The Quantitative Science Studies (QSS) research group studies science from a quantitative perspective, using methods ranging from mathematical analysis and computer simulation to statistical analysis, network analysis, text mining, and visualization. The focus of the group is on problems in the areas of research evaluation and research management. The QSS group has two main aims. On the one hand, the group aims to make innovative high-quality scientific contributions at the methodological, theoretical and empirical level. On the other hand, the group aims to contribute to the development of improved research evaluation and research management practices. The introduction of a new 'contextualized scientometrics' framework for the use of scientometrics in research evaluation and research management is a key contribution in this area.
The core areas to which the group intends to contribute are covered by research lines. Each of the research lines is led by a senior member of the group.
The contextualized scientometrics research line aims to develop a new framework for the use of scientometrics for supporting research evaluation and research management. Contextualized scientometrics offers an alternative approach to present approaches based on three key principles: context, simplicity, and diversity. According to these principles, scientometric indicators should be complemented with contextual information, they should preferably be simple and easy to understand, and a diversity of scientometric indicators should be made available to cover the different dimensions relevant in the evaluation of scientific research. The research line will use results from a number of other research lines in the QSS group (i.e., altmetrics, bibliometric data sources, full-text analysis, and scientometric tools), and the research line also aims to make use of results from other research groups at CWTS.
The main objective of this research line is to investigate the characteristics and possibilities of altmetric data sources in order to provide a more comprehensive and contextualized understanding of science and scholarship. In particular, the research line focuses on the following questions: What is the role of social media in scholarly communication? What could be the value of altmetric data in the framework of contextualized scientometrics? And what are the practical applications of altmetrics for the study of the sciences? To answer these questions, the altmetrics research line takes three main approaches: (1) the conceptual and theoretical study of altmetric data sources and their analytical possibilities, (2) the technical analysis of the features, possibilities, and limitations of altmetric data sources and the metrics they provide, and (3) the development of applications of altmetrics for a variety of practical purposes. The altmetrics research line is expected to develop models of understanding of online activities around scholarly outputs as well as practical proposals on how these models can be framed in research evaluation and scientometric studies.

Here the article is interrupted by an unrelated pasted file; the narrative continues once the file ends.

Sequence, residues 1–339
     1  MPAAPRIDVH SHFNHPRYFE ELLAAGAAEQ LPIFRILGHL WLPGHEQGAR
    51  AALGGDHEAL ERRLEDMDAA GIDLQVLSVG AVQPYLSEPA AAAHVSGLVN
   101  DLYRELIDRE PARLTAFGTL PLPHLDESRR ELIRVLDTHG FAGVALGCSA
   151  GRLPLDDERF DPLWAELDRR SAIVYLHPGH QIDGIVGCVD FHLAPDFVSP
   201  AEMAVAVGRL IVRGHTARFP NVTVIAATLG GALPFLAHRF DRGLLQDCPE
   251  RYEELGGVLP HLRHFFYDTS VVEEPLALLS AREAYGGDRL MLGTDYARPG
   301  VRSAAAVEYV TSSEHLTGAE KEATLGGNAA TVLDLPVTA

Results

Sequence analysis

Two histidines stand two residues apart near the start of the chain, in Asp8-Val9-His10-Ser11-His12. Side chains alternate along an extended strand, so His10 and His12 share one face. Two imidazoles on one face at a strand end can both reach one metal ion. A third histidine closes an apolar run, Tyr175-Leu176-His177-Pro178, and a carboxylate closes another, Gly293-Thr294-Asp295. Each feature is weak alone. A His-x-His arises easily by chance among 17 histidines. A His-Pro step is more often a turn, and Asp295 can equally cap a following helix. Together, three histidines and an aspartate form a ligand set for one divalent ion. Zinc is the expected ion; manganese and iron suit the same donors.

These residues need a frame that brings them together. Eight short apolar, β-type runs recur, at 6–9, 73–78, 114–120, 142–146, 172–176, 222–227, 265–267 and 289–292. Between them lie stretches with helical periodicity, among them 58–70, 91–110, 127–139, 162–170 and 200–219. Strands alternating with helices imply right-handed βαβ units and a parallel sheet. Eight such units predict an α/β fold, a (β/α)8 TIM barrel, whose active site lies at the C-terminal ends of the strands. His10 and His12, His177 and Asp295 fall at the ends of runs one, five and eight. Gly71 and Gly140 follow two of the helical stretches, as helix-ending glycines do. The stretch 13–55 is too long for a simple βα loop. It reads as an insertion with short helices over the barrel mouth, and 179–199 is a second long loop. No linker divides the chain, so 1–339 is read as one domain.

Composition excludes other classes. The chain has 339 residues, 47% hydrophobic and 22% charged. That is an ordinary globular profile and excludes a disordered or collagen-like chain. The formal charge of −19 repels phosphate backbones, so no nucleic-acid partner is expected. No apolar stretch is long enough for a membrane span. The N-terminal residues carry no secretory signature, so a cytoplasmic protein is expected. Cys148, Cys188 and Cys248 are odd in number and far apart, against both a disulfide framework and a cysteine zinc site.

This research line is concerned with analyzing and comparing the characteristics of different data sources for bibliometric analysis, such as Web of Science, Scopus, Dimensions, Microsoft Academic, Crossref, and OpenCitations. The research line focuses on performing in-depth comparisons of data sources and on analyzing the way in which differences between data sources affect the outcomes of bibliometric analyses. The research line also studies data sources that provide access to the full text of scientific publications.